Public recording of February 6th’s community meeting on (tentative) plans for restoration & new construction at this abandoned local landmark (includes transcript & source links)
Development can be heartbreaking, especially when treasured historic buildings are concerned. In Germantown, the fates of three beloved properties hang in a precarious balance – vacant and decaying as they await restoration that has been promised time and time again. And while the community clamors for more services and affordable housing, leaders here float unrealistic projects that seem designed to go nowhere.
Consider three problematic cases:
Germantown High School (c. 1915 – closed 2013) — sold for $100,000 in 2019, it has changed owners/development plans as various entities have finagled their way around community involvement (it’s anyone’s guess what’s happening in there now).
Germantown YWCA (c. 1915 – sold 2006) – enthusiastically-supported plans for senior housing here have been stalled since 2016, but even though the Redevelopment Authority terminated their contract with the ineffectual developer last year, councilmember pushback leaves development at a standstill.
Germantown Town Hall (c. 1923 – closed 1998) – this impressive building with its distinctive bell tower and sweeping rotunda would be an amazing space for dining and events but solid local proposals seem to get blocked in favor of pet developers who fail to deliver.
And here we are. Another ambiguous project, another public meeting. A recent WHYY headline surprised no one: “Germantown Town Hall Project Has a Potential Developer, But No Timeline for Completion.” So basically, a developer and his team glossed over their general plan for mixed-use residential/commercial space on the property, providing one spare rendering, and promising more information as soon as they’re actually selected for the project.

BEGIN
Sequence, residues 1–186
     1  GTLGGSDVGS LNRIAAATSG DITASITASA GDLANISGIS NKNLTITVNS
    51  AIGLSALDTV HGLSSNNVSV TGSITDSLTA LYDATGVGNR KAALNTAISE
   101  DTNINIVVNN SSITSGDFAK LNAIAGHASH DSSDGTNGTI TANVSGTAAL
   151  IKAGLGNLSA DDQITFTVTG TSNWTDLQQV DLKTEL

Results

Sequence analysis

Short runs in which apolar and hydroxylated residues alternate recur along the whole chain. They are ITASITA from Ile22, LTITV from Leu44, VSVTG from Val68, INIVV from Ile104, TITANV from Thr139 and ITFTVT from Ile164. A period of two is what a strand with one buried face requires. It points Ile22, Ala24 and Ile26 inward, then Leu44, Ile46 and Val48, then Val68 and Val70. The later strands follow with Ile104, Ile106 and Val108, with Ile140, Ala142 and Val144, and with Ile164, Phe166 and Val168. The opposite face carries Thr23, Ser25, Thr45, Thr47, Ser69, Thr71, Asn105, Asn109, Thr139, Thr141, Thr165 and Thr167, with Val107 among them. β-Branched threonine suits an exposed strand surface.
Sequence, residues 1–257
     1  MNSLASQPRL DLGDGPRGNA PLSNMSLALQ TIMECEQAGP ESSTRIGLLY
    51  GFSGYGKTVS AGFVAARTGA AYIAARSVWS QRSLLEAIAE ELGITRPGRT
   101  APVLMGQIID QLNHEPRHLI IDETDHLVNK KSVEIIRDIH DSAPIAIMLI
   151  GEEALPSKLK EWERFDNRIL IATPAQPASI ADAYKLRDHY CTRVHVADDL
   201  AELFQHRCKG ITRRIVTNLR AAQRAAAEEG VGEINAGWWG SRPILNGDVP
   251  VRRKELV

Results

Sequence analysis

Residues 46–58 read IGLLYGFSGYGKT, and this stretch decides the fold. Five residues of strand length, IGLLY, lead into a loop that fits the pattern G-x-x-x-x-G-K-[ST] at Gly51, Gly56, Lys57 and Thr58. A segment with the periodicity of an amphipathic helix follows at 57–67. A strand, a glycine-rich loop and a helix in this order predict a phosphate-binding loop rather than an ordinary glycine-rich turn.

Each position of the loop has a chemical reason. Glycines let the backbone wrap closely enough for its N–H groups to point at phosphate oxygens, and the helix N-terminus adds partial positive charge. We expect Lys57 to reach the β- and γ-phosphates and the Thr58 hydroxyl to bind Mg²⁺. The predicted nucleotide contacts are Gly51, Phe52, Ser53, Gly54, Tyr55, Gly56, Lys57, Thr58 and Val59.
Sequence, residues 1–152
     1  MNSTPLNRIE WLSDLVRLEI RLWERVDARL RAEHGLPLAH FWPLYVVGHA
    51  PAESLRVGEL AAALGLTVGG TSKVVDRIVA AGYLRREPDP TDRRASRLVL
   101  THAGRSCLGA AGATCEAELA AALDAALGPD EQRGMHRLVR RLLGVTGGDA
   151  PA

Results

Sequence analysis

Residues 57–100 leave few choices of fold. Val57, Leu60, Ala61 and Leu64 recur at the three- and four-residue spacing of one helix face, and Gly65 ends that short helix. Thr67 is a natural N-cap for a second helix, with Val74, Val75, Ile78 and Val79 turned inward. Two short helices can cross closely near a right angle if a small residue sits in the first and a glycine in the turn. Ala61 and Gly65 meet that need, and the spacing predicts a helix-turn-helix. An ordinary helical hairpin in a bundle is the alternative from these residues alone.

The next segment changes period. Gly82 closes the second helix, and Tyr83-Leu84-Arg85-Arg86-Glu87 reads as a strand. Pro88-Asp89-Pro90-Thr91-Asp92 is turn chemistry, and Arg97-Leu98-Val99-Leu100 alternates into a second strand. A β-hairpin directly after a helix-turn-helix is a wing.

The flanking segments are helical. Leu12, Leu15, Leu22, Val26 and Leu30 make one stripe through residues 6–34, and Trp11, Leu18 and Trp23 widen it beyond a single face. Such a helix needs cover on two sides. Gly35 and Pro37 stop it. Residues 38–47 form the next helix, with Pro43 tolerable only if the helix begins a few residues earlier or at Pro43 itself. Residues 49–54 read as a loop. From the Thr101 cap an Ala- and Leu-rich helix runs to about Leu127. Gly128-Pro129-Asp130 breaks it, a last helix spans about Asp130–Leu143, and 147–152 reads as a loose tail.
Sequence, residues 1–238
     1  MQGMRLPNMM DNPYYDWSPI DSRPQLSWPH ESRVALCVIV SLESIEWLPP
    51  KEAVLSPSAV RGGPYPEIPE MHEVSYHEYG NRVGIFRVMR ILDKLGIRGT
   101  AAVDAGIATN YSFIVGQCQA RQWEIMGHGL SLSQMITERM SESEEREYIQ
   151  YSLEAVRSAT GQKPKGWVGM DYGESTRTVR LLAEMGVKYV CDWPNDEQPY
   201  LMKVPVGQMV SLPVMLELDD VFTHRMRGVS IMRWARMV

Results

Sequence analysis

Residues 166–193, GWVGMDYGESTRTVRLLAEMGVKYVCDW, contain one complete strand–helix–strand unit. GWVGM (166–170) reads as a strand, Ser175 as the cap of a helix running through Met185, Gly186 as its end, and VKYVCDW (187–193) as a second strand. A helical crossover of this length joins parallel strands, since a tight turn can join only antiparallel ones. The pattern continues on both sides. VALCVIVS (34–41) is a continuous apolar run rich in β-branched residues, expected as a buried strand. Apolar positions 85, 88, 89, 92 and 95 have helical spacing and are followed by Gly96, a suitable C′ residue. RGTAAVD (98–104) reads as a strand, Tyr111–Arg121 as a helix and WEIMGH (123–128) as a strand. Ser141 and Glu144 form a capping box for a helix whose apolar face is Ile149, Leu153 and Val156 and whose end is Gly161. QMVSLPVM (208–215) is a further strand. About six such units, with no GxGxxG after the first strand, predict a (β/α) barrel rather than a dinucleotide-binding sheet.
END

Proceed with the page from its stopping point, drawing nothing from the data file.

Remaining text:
Right now they’re evidently just spit-balling while they wait for PIDC’s approval. Which btw hinges on Councilmember Cindy Bass’s decision, which appears to be obvious since she hosted the ZOOM meeting where West Powelton Development presented their proposal. To be clear: PIDC doesn’t have final say, Cindy does – it’s called “councilmanic prerogative” and it’s a thing in Philly where the councilmember has total control over public real estate dealings in their district. #facts
SOME BACK STORY: Monday’s meeting on Town Hall was a make-up of a November 28th meeting that many people only learned about an hour before – apparently, the notification email glitched and didn’t go out..? And then Cindy’s office said their ZOOM account was hacked by trolls so they closed the meeting, and a lot of neighbors couldn’t get in. For this meeting, you had to register at least 4 days in advance, and even then lots of people weren’t sent a link.
To be safe, we signed up with my personal email as well as our “firstname.lastname@example.org” address — only the personal registration received a ZOOM link. Problems continued online where it seems Cindy’s office failed to upgrade their account to accommodate everyone who tried to attend. Although she sent out a link to the recording afterwards, it opens in ZOOM and inconveniently requires a password to view (5+j$AMNC, which you have to re-enter if you pause playback).
No worries! We record public meetings to document and archive community proceedings that might otherwise be lost in the muddle of time and bureaucracy. This one in particular was so straightforward, we went ahead and transcribed it as well (if you prefer, click the “CC” button for real-time captions as you watch).
Please click the links in this post for context and information to further illuminate this project and other development issues in Germantown (and beyond). Thank you for taking an active interest in local projects, people, and politics.
TOWN HALL VIRTUAL PUBLIC MEETING
Monday, February 6, 2023 (7pm – 8pm)
Presentation by Anthony Fullard, West Powelton Development (and team)